An extra 30,000 US troops have been deployed in Iraq, mainly in and around the capital Baghdad, since the launch of the security drive, or "surge", in February.
The BBC World Service is monitoring its effects, week by week, by looking at casualty figures, the pressure on hospitals and quality of life for ordinary civilians.
The graphics and analysis are based on figures from the US and Iraqi authorities, Baghdad's hospitals and three families from different neighbourhoods in the capital.
The seven days from 16-22 August proved to be one of the most devastating since the surge reached full strength in June.
A total of 493 Iraqi civilians died - the highest number recorded during the period - and 669 were wounded - also a record - as the death toll from the previous week's multiple bombings mounted and a mass grave was found in southern Falluja.
Reports suggested some 300 bodies - of men, women and children - were found, apparently tortured and recently killed.
The number of US military killed was 19, swollen by the 14 deaths in a helicopter crash in the north of the country on Wednesday.
The total number of civilian casualties (dead and wounded) in the week topped 1,000 for the first time during the monitoring period.
Fuel shortages remain a major problem for Iraqis, with long power cuts and fuel queues a common feature of civilian life, particularly in Baghdad.
The families helping paint a picture of these hardships in this survey are from different areas of the city - which can mean different pressures according to the religious make-up of the area and the subsequent security risks.
Family 1 is located in Palestine Street, a Shia neighbourhood in the east of the capital.
Family 2 is located in Zayouna, a mixed neighbourhood in south-east Baghdad.
Family 3 lives in Saba Abkar, a northern Sunni neighbourhood.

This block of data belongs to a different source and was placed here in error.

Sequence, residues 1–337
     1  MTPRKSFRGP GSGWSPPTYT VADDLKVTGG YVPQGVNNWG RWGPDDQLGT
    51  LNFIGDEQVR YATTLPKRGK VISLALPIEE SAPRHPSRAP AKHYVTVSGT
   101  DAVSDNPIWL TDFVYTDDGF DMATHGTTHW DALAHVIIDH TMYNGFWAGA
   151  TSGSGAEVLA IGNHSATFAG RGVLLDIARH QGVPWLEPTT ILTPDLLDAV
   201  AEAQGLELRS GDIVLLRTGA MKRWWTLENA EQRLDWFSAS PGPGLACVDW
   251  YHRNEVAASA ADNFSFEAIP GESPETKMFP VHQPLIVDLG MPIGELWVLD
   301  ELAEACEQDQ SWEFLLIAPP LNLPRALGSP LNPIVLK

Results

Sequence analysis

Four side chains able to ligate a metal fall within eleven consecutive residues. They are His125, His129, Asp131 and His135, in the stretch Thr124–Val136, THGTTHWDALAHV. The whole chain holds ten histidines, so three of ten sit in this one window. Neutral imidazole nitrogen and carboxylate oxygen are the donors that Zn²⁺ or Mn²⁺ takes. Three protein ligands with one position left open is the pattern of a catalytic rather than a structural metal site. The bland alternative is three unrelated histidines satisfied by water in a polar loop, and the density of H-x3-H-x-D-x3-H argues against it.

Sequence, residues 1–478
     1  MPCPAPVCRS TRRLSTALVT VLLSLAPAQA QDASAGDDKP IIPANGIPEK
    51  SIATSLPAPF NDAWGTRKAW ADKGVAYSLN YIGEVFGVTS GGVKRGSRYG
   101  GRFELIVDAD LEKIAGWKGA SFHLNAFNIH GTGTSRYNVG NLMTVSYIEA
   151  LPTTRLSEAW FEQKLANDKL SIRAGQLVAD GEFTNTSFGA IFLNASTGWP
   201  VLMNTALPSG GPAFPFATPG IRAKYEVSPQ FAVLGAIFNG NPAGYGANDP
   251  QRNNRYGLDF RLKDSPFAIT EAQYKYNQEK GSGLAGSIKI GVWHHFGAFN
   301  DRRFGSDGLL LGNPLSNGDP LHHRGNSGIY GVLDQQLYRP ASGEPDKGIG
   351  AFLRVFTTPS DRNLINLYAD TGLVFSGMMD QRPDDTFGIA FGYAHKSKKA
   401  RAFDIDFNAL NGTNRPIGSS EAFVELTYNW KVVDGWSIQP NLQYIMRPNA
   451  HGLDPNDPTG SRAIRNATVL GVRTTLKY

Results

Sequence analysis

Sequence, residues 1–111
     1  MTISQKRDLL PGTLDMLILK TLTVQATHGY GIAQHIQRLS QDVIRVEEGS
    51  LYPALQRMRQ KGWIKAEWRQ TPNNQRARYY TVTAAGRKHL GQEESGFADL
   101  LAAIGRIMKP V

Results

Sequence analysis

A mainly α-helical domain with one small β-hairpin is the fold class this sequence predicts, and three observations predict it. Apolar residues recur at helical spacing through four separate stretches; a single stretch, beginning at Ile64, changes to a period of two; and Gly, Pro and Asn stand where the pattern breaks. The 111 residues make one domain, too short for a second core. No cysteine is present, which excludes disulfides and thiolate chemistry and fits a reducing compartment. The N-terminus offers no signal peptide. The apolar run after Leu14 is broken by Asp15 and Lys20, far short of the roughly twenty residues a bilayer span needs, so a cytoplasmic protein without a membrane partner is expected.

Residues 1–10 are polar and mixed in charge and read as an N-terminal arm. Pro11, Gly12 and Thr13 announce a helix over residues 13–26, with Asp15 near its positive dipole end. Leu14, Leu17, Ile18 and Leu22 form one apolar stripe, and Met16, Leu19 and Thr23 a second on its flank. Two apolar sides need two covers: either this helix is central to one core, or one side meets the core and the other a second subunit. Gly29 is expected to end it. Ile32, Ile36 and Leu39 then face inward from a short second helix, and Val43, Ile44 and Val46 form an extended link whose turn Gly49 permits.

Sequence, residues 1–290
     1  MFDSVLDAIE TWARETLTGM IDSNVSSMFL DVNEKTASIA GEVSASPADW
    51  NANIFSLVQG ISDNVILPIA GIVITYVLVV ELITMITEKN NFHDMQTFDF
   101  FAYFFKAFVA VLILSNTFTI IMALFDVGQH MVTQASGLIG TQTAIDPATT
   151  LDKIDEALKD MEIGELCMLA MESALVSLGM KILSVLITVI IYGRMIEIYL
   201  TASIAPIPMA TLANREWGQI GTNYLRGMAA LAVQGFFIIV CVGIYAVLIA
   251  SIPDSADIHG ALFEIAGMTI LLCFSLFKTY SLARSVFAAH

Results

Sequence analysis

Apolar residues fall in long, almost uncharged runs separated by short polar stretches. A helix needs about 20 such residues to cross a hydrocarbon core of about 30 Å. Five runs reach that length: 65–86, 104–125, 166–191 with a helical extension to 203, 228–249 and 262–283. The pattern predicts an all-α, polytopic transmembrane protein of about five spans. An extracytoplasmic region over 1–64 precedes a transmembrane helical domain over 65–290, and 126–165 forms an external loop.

Electricity supplies for all three families improved this week.
Family 1 had an average of four hours a day from the grid compared with one the previous week.
Family 2 had two, whereas last week they averaged just 30 minutes a day.
And Family 3 had power for one hour a day following a week when the only electricity available was during a three-day curfew.
Queues for fuel were shorter than at many points during the monitoring period, but the average was still three to four hours.
Prices also fell slightly, with petrol at the pumps costing around 9,000 Iraqi dinars ($7) for 20 litres and black-market fuel roughly double that.
Gas prices have soared, a cylinder now costing 7,500 dinars compared with 4,000 dinars the previous week. Cylinders on the black market fetched 27,000 dinars.
The cost of kerosene on the black market jumped from 750 to 1,150 dinars as autumn looms.
While injuries from violence among patients brought to the two Baghdad hospitals being monitored remained similar to last week, the number of people arriving at Al-Kindi hospital with injuries from violence rose to 104 - the second- highest of the period.
One of Baghdad's mortuaries reported receiving 80 unidentified bodies, 15 of whom were children.
Al-Yermouk hospital had between 35 and 40 doctors on duty, plus up to 65 medical assistants. Al-Kindi had 11 consultants and six doctors at its emergency unit.
Data compiled by BBC producer Mona Mahmoud